Beware of the Bell – it tolls for thee. Hemingway wrote it in reference to his famous character Robert Jordan, but it is good advice for Unions and their members when dealing with disputes that are within the jurisdiction of the Massachusetts Division of Labor Relations (DLR). Failure to timely file complaints within the 6 month period could mean the death bell for the Union’s case. So, when does the clock start ticking?
The DLR recently clarified the 6 month rule in a school committee case. The basic rule isthis: The clock begins to run as soon as the Union is (1) on notice that the Municipality intends to make a change to a mandatory subject of bargaining; and (2) it is apparent that bargaining by the union would be fruitless (i.e. the change is presented as fait accompli).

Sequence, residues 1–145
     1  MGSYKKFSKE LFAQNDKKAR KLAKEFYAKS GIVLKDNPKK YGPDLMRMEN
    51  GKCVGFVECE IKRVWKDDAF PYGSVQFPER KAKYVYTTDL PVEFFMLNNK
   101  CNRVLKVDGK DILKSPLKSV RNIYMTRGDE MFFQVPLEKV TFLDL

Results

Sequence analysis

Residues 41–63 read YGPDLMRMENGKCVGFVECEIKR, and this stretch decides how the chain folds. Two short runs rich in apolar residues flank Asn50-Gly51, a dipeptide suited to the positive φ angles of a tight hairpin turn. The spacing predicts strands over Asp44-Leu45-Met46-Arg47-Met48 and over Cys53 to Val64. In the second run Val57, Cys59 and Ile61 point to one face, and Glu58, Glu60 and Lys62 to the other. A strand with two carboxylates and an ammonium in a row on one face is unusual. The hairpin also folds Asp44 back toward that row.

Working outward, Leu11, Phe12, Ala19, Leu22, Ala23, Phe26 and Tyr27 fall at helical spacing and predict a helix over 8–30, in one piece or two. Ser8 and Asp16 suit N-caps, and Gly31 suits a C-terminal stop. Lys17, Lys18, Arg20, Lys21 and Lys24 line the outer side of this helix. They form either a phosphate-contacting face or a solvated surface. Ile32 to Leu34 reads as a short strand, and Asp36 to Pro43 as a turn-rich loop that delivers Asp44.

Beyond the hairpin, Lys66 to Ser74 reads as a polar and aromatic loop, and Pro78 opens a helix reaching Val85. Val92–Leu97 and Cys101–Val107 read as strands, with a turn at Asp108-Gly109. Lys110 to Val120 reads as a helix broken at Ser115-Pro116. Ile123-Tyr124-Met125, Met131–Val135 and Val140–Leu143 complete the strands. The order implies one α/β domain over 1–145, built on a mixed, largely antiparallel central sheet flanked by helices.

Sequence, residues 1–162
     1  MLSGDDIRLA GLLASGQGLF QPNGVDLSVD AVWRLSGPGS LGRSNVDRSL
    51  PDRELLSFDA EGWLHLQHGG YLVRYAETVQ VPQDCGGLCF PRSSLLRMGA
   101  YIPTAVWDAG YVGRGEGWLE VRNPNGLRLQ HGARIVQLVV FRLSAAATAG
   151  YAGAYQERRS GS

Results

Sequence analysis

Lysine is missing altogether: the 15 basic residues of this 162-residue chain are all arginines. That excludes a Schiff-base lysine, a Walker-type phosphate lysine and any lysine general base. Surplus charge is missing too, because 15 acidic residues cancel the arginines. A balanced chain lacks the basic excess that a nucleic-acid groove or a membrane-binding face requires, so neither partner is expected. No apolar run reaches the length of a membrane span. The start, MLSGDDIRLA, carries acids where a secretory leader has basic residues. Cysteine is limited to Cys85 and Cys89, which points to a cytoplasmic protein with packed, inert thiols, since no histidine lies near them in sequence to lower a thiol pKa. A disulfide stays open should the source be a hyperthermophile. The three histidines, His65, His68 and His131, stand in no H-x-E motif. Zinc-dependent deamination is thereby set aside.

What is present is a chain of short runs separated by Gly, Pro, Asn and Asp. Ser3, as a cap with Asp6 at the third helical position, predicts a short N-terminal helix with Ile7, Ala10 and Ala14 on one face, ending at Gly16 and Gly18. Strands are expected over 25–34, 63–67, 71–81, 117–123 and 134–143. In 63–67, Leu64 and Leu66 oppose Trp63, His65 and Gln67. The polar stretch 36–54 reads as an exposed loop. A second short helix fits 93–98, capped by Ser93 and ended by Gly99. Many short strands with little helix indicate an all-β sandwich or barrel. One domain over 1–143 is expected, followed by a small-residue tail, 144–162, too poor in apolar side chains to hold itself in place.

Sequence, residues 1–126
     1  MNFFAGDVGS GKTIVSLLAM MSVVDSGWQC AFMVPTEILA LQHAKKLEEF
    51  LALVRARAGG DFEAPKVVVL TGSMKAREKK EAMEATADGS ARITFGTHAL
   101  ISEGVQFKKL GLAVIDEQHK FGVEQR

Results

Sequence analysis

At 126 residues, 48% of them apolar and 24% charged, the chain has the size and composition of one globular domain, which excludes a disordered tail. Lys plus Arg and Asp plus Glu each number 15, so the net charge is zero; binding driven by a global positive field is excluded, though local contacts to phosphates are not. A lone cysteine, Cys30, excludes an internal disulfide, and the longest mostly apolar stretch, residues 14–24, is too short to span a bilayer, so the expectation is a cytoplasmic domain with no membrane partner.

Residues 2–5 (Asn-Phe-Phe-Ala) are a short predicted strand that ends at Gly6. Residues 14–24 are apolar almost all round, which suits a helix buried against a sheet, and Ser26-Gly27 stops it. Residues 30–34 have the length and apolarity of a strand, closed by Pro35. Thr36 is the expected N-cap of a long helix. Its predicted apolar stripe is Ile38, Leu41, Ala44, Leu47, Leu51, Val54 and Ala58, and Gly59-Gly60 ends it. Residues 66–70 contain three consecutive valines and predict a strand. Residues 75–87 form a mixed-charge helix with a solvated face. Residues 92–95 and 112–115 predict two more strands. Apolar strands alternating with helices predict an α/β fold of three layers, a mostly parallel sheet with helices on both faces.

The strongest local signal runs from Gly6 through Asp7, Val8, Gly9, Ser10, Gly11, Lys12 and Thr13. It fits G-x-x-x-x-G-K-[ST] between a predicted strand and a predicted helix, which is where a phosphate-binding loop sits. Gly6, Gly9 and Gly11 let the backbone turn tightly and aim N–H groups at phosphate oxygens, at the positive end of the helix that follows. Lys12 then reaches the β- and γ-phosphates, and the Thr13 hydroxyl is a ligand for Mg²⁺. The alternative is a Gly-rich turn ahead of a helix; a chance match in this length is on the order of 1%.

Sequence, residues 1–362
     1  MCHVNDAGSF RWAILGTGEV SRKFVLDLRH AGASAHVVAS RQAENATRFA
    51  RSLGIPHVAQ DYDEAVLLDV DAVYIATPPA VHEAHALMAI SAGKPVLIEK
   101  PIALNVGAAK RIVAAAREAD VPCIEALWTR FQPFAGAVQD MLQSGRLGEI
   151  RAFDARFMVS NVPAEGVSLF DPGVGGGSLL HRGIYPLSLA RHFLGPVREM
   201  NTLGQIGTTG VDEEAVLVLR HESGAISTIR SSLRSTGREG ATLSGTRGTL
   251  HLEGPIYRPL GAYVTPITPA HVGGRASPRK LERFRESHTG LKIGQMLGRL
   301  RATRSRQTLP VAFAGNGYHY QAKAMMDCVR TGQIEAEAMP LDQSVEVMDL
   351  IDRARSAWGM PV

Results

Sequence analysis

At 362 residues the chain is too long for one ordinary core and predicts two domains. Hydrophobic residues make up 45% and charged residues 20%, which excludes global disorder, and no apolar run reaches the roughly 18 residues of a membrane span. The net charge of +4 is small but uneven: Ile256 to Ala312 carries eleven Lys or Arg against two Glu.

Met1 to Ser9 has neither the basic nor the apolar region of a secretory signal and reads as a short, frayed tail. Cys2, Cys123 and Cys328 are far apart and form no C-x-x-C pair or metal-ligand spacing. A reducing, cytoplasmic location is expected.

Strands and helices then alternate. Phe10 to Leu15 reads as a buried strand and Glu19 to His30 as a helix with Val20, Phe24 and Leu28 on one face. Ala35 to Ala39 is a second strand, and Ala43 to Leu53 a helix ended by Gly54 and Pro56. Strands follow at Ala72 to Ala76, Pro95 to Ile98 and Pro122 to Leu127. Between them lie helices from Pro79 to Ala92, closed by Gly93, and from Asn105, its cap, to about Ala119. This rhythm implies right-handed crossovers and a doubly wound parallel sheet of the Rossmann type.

Under the rule, if the employer gives to the union notice of a proposed change in working conditions, and the union demands to bargain the proposed change, the 6 month clock does not begin to run until it becomes apparent that the employer is not bargaining in good faith, or is not willing to bargain until impasse. Once the union realizes that bargaining is futile, the clock starts.
This is a very important statute of limitations for unions, as Cities and Towns frequently request dismissal of cases on this basis. In fact, as many of you know, employers have been known to hide in the weeds, and bank on local unions not keeping track of the time limit. It is important to mark this crucial date, and be sure to file when necessary.
The DLR case on the issue (school case) is Town of East Bridgewater, MUP-07D-5095 (2012).